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Stamford elementary school uses new tech to battle flu season

January 11, 2019

STAMFORD — One of the most common refrains during cold and flu season is “something’s going around,” and a new program at one city school is aiming to help parents figure out what that “something” is.

A new initiative at Toquam Magnet Elementary School allows parents to anonymously share information about their child’s well being though a smartphone app, therefore giving parents, nurses and school officials a clearer image of what illnesses are circulating, and when to take greater precaution.

Corine Matarasso, administrative intern at Toquam, said the goal of the program for her is simple: “To reduce chronic absenteeism and increase the engagement of parents in their child’s education.”

Matarasso, who acts as the school’s coordinator for the program, said she hopes it will arm parents with more information and allow them to catch illnesses in their children before they spread, therefore cutting down on the amount of days students miss every year.

Parents at the school who take part in the program, called FLUency, are given a free Bluetooth-compatible thermometer, which sells for $20 in retail stores, to go with a smartphone app that can be downloaded for free.

When parents take their child’s temperature with the thermometer, the information is uploaded to the app, called Kinsa. If the temperature reading is high, the app allows the user to input other symptoms, and can provide guidance on possible sicknesses, as well as whether the child should be closely monitored or go to a doctor.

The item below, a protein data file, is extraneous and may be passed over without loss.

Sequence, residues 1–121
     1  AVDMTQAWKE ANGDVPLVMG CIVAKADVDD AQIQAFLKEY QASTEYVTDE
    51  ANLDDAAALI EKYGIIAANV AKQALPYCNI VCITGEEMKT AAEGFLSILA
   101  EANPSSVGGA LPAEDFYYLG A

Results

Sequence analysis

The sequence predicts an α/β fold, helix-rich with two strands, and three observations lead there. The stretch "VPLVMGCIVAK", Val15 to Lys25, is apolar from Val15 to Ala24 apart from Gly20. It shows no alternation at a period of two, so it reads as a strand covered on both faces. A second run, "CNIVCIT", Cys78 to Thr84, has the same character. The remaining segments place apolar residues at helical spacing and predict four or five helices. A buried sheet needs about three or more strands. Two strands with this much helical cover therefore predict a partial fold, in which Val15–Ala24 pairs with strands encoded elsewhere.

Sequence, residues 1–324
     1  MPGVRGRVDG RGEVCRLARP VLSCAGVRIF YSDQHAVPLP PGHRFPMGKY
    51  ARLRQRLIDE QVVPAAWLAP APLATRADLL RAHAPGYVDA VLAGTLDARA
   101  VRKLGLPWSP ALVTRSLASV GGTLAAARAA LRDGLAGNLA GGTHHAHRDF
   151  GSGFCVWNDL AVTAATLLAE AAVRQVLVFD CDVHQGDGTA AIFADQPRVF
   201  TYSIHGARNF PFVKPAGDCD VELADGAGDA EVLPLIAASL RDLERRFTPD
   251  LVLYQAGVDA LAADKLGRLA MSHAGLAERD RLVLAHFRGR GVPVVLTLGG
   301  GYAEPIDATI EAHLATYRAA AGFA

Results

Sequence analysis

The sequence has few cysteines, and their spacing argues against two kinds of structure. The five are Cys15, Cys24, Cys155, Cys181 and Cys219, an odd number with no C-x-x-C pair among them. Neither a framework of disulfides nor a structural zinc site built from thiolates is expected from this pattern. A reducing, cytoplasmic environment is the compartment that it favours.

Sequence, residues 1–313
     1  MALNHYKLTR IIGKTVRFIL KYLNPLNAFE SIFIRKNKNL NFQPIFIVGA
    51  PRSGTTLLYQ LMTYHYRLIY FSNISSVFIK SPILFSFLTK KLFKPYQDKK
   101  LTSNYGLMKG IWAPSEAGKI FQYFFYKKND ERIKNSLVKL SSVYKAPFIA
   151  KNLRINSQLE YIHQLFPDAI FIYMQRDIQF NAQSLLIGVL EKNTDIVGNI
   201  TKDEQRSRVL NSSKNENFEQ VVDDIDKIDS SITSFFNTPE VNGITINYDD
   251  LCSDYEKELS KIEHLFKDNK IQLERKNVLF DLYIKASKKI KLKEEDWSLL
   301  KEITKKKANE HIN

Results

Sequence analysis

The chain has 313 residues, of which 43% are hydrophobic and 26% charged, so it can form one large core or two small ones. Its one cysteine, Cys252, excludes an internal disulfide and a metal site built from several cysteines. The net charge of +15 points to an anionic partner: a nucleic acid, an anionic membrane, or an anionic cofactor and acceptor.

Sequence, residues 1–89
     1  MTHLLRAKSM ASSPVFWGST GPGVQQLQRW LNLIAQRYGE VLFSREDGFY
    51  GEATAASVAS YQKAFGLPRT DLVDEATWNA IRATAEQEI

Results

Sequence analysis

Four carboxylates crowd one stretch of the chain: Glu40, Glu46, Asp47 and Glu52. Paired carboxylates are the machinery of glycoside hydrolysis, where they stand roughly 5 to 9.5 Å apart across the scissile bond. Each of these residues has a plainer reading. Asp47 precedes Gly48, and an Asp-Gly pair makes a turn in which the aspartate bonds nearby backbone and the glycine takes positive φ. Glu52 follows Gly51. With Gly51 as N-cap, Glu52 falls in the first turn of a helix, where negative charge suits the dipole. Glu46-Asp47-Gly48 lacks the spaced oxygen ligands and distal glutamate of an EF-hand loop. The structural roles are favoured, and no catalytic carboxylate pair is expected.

If Toquam parents want to go one step further, they can share that information in a closed group of other parents in the school. If enough participate, parents can see what illnesses are popping up more frequently.

So far, Toquam is the only school in Stamford and one of two in Connecticut to utilize the program. If successful, it will be spread out to other elementary schools in the city willing to participate next year.

About 160 FLUency thermometers have been distributed to Toquam parents, Matarasso said. The school has roughly 650 students.

Results so far are hard to gauge. Comments on the app, said Matarasso, are positive, but it’s hard to attribute any results to the program so far. If last week was any indication, however, it doesn’t seem to be hurting.

“In the past seven days we had no sick kids,” Matarasso said. “Really we are trying to use this app to keep kids in school.”

Jared Flamm, executive director of FLUency, said more and more schools are inquiring about the service, which is now in 48 states across the country. The program, he said, is meant to help parents detect a virus or illness early on, hopefully reducing the impact of the illness on the child as well as the likelihood the child will spread it at school.

“We know elementary schools are Petri dishes for germs,” he said.

Flamma added that the program is mostly focused on stopping one condition in particular.

“Flu is the largest illness we’re trying to tackle,” he said, pointing out that influenza is highly contagious and can lead to death.

The last flu season took a major toll on Connecticut residents as there were 154 flu-related deaths, making it the deadliest flu season in five years.

So far, six people in the state have died from the flu this season.

While the busiest part of the flu season hasn’t arrived yet, the number of positive flu tests jumped by more than 200 in the space of a week at the end of 2018, according to the state Department of Public Health.

Influenza A viruses are the predominate type of flu circulating, with very few B viruses. Among the A viruses, the most common is the H1N1 influenza, as opposed to the H3 influenza. That’s good news, said Dr. Michael Parry, director of the Department of Infectious Diseases at Stamford Health.

At least part of the reason the last flu season was so difficult was last year’s flu vaccine was, on average, only 36 percent effective at preventing flu infections.

“The bad news is there’s still flu, but the good news is the vaccine offers much better protection,” Parry said.

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